"I can walk through this hospital on any given day and there's nothing in the hallways," she says. "There's no clutter. That is so different from what you typically feel in a building."
|Nurses' stations in the med-surg unit have access to natural daylight, while a glass-enclosed flex-room provides space for private meetings and conversations.|
She says, too, that "because of the way the building is designed, it is so quiet you have no sense of how busy we are," even when the hospital is full.
She adds that many patients have commented upon discharge that they don't want to leave the hospital because it is such a beautiful building and they've enjoyed being cared for there.
The peaceful environment exemplifies the Franciscan Health System's stated vision for healing the body, mind and spirit. The hospital is positioned on the site to allow for future expansion without compromising the simplicity of the layout or the importance of the landscaping.
Hospital buildings "carry a huge burden relative to other buildings we may construct in the world," Stellmacher says.
At St. Anthony Hospital, the project team worked to deliver straightforward solutions to the complex issues of hospital design and construction, while remembering the most important feature of a community hospital. As Rossen says, this is more than just a building, "this is about people."
Amy Eagle is a Homewood, Ill.-based freelance writer and a regular contributor to Health Facilities Management.
|Sidebar - Becoming one with the native habitat|
The woods around St. Anthony Hospital were influential to the building's design, both literally and figuratively.
The 30-acre greenfield site was densely forested and included wetlands and a salmon stream. To preserve the peaceful, healing atmosphere, the hospital was integrated into the landscapedespite its more than 80-foot grade.
Rather than cut a bench from the land and clear a platform for hospital construction, "we were able to nestle the building into the site, being careful with the grading," explains Allyn Stellmacher, AIA, LEED AP, design partner, ZGF Architects LLP. Quartzite, poured concrete and wood panels on the building's exterior blend the facility into the surrounding Douglas fir trees.
More than half the property remains in its natural state; the wetlands and stream were conserved and portions of the site disturbed by construction were replanted with indigenous plants. The 200-foot setbacks of an existing power line are accommodated in the design.
The hospital is focused around a garden that can be viewed from every public space. Every patient room has a view to either the garden or the woods. The interior design is oriented toward external views, with muted colors designed not to compete with the outdoor beauty.
In addition, the designers used the idea of "A Walk in the Woods" as an organizing metaphor for the overall interior design. They identified the types of spaces one might encounter on a walk in the woods and associated these with architectural elements.
Elevator lobbies, for example, were identified with meadows, which open up into a view. Diagnostic imaging, where there is less natural light, was identified with the calming nature of the denser forest. This idea unifies the interior design and helps ensure that transitions between areas—particularly in regard to lighting—occur in a more natural fashion that is not too abrupt for patients' and visitors' comfort.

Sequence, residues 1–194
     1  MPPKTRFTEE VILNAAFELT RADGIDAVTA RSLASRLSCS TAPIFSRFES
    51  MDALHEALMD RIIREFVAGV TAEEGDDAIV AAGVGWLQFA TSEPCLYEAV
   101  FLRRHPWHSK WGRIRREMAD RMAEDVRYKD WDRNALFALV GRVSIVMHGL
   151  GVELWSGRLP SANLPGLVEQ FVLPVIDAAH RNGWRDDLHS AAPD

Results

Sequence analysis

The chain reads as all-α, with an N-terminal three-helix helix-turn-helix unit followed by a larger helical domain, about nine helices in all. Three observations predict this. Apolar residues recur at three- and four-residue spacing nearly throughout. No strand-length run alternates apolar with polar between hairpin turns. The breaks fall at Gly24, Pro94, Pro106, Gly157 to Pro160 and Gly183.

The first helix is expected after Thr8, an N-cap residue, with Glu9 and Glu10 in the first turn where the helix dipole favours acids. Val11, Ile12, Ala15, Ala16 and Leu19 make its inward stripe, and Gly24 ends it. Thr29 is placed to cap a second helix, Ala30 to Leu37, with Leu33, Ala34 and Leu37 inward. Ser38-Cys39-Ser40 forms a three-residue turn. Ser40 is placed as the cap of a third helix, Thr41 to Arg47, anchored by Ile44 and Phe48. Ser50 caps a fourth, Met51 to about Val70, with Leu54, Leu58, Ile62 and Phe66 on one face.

|Sidebar - Honoring maritime traditions|
The design of St. Anthony Hospital, named for the patron saint of fishermen and sailors, honors the rich maritime traditions of Gig Harbor, Wash., in many often subtle ways.
Gig Harbor was founded by fishermen and, as planning for the town's first community hospital was under way, local residents and project planners "wanted to make sure that they linked the community history with the facility," says hospital President Carole Peet.
According to Anita Rossen, senior interior designer, ZGF Architects LLP, the goal was to pay tribute to Gig Harbor's heritage in a design that was sophisticated, warm and timeless, and to which a large number of people could relate.
"We worked hard to avoid the big anchors in front of the building, things of that nature that one might find obvious," says Allyn Stellmacher, AIA, LEED AP, ZGF design partner.
To gain a deeper understanding of the area, designers from ZGF photographed several local scenes, which they arranged in a collage posted above their work alcove. The collage "really became a part of our design sessions and part of the fabric of what we were relating to as we worked on the design," Rossen says.
The images found their way into the building through many elegant gestures, such as pendant lights shaped like the glass floats formerly used in commercial fishing, circular vents that evoke portholes, reception desks clad in wood resembling the wooden planks of piers and fishing boats, and wavelike patterns on walls and flooring. In the chapel, vertical wooden louvers made to look like the tail fins of a boat are suspended from stainless steel pins; the wooden paneling features exposed metal fasteners similar to those used in boat construction.
"It's a very subtle, very graceful design," says hospital spokesperson Gale Robinette.
|Sidebar - SPEC SHEET|
Principal Design Materials